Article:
We should be clear that the majority opinion did not rely on the argument we just outlined in its defense of the clear statement rule, although we believe that it did gesture to it at various points in its opinion, most particularly when the court explained that: “As Ulysses once tied himself to the mast so he could resist the Sirens’ tempting song (Homer, The Odyssey, Book XII), voters too can conceivably make the clear and important choice to bind themselves by making it more difficult to enact initiatives in the future.[20] We added the italics to the “conceivably,” and we think this comment shows that the court sees that self-binding in this way poses a hard question.

The Elephant in the Room

This case is about California constitution Article XIII C, section 2(b). The celebrity of the case has to do with section 2(d), which reads: “No local government may impose, extend, or increase any special tax unless and until that tax is submitted to the electorate and approved by a two-thirds vote. A special tax shall not be deemed to have been increased if it is imposed at a rate not higher than the maximum rate so approved.”

The language concerning the election rules construed in this decision (“No local government may impose, extend, or increase any general tax unless . . .”) is identical to the language concerning the required supermajority for special tax measures (“No local government may impose, extend, or increase any special tax unless…”). This strongly suggests that the local voters can, by initiative, increase special taxes by a simple majority because the supermajority limitation does not apply to initiatives any more than the general election requirement applies to initiatives.

The majority does not comment on this implication, which is appropriate, as that issue was not before the court. Perhaps some grounds for distinction between the two provisions might be found. Indeed, there is language in the majority opinion that suggests it thinks there might be such a distinction. The court says:

That the voters explicitly imposed a procedural two-thirds vote requirement on themselves in article XIII C, section 2, subdivision (d) is evidence that they did not implicitly impose a procedural timing requirement in subdivision (b).[21]

This language can be read to suggest that there is some difference between the election timing provision and the vote threshold provision. We do not actually think that this is what this passage means. Instead, it is part of an argument in favor of the majority’s interpretation of section 2(b) and the (minor) point the majority is making is that the electorate knows how to refer to itself.[22]

Nevertheless, the implication remains and was brought up by the dissent in a footnote:

The majority opinion contains language that could be read to suggest that article XIII C, section 2(d) should be interpreted differently from section 2(b). (See maj. opn., ante, ––– Cal.Rptr.3d at ––––, ––– P.3d at –––– [noting that the enactors of Prop. 218 “explicitly imposed a procedural . . . requirement on themselves in” art. XIII C, § 2(d), which “is evidence that they did not implicitly” do so in § 2(b) ].) I see no basis for construing the two provisions differently. Sections 2(b) and 2(d) are, in all pertinent respects, indistinguishable.[23]

If we are correct that the majority did not wish to introduce a difficult-to-understand distinction in this offhand way, then why did the majority not change the language or in some other way respond to the dissent? Perhaps the majority thought its implication was clear enough and that there had to be some end to the back and forth. Perhaps the majority was not displeased with the implication the tax threshold question was arguably open for the lower courts to consider.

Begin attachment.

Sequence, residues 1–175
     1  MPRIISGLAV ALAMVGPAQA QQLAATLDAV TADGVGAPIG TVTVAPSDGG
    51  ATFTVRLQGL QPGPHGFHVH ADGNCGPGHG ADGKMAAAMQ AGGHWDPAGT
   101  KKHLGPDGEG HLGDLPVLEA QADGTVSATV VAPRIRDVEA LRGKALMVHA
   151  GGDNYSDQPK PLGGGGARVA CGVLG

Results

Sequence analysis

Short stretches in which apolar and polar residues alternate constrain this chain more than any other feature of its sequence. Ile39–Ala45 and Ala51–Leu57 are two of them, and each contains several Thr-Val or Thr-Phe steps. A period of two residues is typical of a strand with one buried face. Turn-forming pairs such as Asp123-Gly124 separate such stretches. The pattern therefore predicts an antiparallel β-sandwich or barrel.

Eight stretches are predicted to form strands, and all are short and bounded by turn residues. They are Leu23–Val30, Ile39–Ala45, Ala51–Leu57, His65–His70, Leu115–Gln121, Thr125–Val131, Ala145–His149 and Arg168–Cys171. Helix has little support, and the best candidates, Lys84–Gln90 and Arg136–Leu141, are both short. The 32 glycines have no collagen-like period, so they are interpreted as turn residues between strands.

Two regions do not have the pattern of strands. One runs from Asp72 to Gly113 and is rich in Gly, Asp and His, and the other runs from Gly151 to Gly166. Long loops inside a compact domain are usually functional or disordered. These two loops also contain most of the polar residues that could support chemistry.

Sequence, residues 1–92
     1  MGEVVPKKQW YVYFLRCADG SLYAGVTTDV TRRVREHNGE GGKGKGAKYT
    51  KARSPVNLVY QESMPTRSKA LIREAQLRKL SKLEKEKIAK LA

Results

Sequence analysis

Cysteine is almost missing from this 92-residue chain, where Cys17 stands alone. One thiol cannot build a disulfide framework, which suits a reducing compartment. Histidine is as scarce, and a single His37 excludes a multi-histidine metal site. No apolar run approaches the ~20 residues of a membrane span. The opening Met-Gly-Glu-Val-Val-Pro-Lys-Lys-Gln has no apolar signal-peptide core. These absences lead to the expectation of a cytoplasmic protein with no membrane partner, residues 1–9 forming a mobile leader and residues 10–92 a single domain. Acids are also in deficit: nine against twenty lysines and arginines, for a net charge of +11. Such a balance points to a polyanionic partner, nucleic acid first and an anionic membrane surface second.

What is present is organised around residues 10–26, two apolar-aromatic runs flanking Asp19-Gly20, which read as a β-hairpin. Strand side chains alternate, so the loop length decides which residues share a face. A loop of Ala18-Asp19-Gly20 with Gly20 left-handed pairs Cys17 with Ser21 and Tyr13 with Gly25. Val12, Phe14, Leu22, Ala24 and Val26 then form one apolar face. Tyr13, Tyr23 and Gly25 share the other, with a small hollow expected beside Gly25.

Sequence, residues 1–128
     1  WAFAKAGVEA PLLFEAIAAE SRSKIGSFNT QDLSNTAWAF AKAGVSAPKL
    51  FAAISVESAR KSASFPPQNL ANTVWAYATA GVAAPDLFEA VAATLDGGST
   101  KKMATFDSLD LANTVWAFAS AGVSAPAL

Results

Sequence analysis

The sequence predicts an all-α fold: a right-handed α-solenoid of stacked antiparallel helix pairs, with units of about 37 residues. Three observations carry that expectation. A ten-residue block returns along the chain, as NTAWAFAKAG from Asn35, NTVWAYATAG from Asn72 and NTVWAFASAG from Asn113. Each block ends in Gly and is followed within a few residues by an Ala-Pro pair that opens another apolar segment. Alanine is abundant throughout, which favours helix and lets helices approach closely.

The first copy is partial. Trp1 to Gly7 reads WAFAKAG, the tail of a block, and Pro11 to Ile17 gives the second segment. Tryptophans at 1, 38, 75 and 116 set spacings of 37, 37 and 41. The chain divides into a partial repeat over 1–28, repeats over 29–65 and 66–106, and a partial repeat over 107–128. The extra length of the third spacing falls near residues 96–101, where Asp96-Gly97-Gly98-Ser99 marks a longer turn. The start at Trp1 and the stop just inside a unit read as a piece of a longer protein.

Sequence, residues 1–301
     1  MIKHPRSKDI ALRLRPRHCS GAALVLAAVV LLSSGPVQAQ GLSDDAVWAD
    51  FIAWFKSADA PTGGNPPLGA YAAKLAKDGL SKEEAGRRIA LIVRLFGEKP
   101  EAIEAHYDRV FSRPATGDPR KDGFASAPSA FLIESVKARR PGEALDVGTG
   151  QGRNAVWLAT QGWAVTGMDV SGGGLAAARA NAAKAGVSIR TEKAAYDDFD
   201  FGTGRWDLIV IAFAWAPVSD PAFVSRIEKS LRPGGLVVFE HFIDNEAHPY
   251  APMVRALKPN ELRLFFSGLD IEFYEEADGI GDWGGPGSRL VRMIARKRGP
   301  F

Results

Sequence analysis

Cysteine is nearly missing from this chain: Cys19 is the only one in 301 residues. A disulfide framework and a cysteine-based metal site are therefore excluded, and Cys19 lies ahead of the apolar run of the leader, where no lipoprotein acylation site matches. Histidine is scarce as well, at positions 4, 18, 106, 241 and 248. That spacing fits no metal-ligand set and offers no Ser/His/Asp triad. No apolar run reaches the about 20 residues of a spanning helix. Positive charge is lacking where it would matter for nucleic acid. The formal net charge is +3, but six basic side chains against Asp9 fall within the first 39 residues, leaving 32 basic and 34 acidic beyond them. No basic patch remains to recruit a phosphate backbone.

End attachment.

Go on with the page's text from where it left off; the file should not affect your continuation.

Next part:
The public response to this decision—both pro and con—suggests that it changes the possibilities of local government finance significantly.[24] Again, the focus has been on the decision’s supposed impact on the voting threshold for special taxes. We are skeptical that the impact would be so great even if this decision does ultimately result in the supermajority rule not applying to special taxes placed on the ballot by the voters themselves.

As a matter of political economy, we do not think there is a reservoir of pent up demand for tax measures. As noted in the post previewing this case, cities and counties can already subject general taxes to a majority vote[25]—along with a non-binding advisory measure on how any revenue collected is to be spent.[26] Thus, it is not clear how important this change will be for cities and counties. School districts, for example, have already been able to fund infrastructure with a 55% voter threshold, assuming certain conditions are met.[27] So we would predict that operational school district taxes passed by majority vote will be the main source of demand for this kind of voter initiative, if it were to be possible.

Even assuming that the court’s reasoning means that the two-thirds threshold does not apply to local special tax initiatives, how this area of the law develops from here is unclear. The initiative power extends to taxation,[28] but it is also the case that the initiative power is generally interpreted to be as broad as the legislative power of the underlying local government.[29] Charter cities have the inherent power to tax and therefore, presumably, their citizens have that right as well.[30] But general law cities and counties do not have the inherent power to tax.[31] Does that mean the legislature must explicitly permit local tax initiatives in these governments?[32] School districts have no initiative power at all—at least not granted by the constitution.[33] Thus, if school districts wanted to use this ruling, must the legislature grant the school district electorates the power to impose taxes by initiative? These are hard questions.[34] We note them here not to answer them, but to indicate that many thorny legal and political questions remain whatever this decision’s applicability to the tax threshold provision.